In some ways Siegfried is the most challenging of the Ring operas – for artists and audiences alike. The titular hero is the archetypal “natural” man, liberated from the rule of law, but he often comes across as an amoral bully. Musically, it is generally considered to be less attractive than Die Walküre, although Adorno drew attention to its “incomparably greater architecture”. The vocal demands of the title role are truly formidable, with only a few Heldentenors capable of transcending the difficulties. The Met Opera’s 2011 production rose more successfully to some of these challenges than to others, but on the whole this was an entertaining and unusually likable rendition. In contrast to the cinematic release, one is kept entirely “before the curtain” throughout the opera, with the interval cast interviews and a mini-documentary about the production moved to the very end of the film.

Overall, Robert Lepage did not offer any new conceptual “reading” of the Ring, for which he has been both heavily criticised and hotly defended. The innovations instead lay in the technical realm. The monstrous rotating platforms were noisy and occasionally mutinous in the theatre, but this was less of an issue for the video viewer. From the very beginning of Siegfried, the varied positions which the “machine” could adopt were ingeniously exploited. During the orchestral introduction, the backstory was acted out in dumb show: the first set-up showed Mime taking the newborn Siegfried from his dying mother, followed by a later snapshot of the boy slashing his way through the woods. Video projections of scenery added to the realism, something which was especially effective in the forest scenes in Act II. However, attempts to integrate digital projections with the live action occasionally flopped, as in the risible attempts to make it seem as if the digital wood-bird had nestled on Siegfried’s breast.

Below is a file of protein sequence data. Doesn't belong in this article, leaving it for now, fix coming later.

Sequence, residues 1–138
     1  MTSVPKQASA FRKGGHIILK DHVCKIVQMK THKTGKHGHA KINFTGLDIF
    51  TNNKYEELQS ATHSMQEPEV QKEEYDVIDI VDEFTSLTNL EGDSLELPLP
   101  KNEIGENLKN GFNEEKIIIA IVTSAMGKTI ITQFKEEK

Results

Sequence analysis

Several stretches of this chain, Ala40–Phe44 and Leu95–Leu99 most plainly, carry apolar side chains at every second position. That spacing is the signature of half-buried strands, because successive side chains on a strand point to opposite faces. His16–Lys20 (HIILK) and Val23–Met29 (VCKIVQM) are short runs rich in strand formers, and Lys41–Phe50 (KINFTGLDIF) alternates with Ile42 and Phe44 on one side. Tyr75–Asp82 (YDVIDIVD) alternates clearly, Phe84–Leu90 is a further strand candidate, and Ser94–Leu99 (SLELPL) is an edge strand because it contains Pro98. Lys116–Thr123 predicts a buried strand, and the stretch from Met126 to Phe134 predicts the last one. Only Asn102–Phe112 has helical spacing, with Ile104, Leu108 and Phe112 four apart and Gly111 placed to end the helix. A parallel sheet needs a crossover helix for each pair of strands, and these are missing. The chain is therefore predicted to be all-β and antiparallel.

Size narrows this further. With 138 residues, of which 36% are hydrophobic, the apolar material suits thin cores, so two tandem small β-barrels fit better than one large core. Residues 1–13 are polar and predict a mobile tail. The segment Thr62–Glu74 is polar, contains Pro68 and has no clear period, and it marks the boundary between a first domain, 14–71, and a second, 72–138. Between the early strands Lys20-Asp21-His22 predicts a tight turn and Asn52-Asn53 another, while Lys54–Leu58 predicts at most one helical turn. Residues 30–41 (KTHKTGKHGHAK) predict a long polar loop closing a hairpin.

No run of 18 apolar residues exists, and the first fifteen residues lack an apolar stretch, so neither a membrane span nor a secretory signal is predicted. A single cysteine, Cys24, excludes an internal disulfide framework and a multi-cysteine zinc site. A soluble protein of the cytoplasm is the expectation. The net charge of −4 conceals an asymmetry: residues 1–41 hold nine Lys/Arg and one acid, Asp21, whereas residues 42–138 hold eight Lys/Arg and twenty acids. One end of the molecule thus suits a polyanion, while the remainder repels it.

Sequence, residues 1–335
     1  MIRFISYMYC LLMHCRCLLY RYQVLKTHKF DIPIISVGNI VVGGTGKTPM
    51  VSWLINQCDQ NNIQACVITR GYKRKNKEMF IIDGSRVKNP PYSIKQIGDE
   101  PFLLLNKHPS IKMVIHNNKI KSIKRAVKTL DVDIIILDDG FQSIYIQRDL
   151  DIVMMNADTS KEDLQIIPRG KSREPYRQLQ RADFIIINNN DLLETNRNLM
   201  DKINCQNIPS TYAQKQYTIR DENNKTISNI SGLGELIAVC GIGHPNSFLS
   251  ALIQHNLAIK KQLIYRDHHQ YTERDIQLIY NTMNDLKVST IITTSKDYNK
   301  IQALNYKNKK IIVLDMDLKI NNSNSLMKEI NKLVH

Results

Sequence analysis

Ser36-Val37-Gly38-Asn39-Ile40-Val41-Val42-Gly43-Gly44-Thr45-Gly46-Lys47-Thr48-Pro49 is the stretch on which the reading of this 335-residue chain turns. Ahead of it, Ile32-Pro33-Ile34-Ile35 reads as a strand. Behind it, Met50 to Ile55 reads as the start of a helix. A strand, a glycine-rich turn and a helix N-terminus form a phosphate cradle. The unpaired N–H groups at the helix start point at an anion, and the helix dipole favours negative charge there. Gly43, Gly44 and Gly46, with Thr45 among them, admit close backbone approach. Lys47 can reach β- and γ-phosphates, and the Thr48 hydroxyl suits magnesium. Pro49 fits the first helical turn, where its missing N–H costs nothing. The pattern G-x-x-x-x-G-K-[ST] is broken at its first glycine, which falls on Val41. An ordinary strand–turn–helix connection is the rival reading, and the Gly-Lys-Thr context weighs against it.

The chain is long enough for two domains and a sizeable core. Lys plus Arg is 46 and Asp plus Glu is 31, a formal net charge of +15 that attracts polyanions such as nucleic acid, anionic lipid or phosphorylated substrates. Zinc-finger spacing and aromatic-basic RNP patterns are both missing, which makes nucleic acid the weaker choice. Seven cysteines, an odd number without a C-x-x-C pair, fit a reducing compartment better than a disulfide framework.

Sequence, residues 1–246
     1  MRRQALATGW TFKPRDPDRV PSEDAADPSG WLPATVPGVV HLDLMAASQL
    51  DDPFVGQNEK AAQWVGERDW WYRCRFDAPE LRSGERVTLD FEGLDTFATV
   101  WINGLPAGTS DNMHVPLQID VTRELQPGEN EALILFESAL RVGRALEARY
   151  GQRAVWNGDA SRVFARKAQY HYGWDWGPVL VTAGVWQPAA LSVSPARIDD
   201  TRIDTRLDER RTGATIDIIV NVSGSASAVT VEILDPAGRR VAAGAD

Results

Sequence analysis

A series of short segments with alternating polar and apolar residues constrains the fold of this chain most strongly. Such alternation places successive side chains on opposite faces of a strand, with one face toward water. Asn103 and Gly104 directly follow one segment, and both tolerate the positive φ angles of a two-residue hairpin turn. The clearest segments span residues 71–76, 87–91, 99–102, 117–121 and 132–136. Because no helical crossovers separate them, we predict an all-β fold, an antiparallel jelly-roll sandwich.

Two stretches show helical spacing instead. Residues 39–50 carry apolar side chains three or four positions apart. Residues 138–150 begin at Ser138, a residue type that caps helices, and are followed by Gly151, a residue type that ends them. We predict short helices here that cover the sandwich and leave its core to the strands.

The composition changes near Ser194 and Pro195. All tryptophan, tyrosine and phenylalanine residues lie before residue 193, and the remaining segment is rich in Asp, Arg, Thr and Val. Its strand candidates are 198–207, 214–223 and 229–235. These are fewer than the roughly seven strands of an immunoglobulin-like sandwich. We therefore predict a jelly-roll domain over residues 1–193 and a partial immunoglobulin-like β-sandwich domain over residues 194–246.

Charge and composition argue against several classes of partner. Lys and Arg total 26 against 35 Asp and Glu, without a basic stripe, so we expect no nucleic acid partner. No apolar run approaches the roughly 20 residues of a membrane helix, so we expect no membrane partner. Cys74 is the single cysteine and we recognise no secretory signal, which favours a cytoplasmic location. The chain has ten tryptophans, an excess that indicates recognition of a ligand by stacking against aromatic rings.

The querulous Mime who opens the opera was a hunchback dressed in Steampunk style. Gerhard Siegel immersed himself in the role, acting as the comic butt of Wagner’s untrustworthy sense of humour. Jay Hunter Morris, decked out with a rockstar blond wig, looked every inch the part of Siegfried, but where others have come across as aggressive (e.g. Manfred Jung in the Boulez/Chereau version), he exuded an open-eyed naivety which retained our sympathy (his interview, where one hears his Texan drawl, is a delight). Vocally he is no Lauritz Melchior, and at certain upper parts of his register he sounds a little harsh, but he was effective throughout, despite tiring audibly towards the end of the monster sing.

In terms of vocal quality, the evening belonged to Bryn Terfel as the Wanderer (decorated with a louche-looking black eye). His was not as dramatic a rendition as John Tomlinson’s, or as sympathetic as Donald McIntyre’s, but it was a pleasure to hear, although his voice may possibly be a little light for some tastes. Even during the most forceful moments of the confrontation with Siegfried, he always sounded like he had something in reserve. Deborah Voigt is not (yet) a Brünnhilde for the ages (this is her first Ring), but the love scene felt more believable than sometimes. Eric Owens as Alberich conveyed less menace than others have in the role, but his more tightly wound delivery provided a perfect vocal foil to Wotan in their Act II colloquy. The rest of the cast – Hans-Peter König’s Fafner, Patricia Bardon’s Erda, Mojca Erdmann’s (off-stage) Woodbird – provided solid support. The orchestra under Fabio Luisi’s direction was as tight and accurate as one has grown accustomed to expect, accompanying sympathetically or unleashing fury as needed.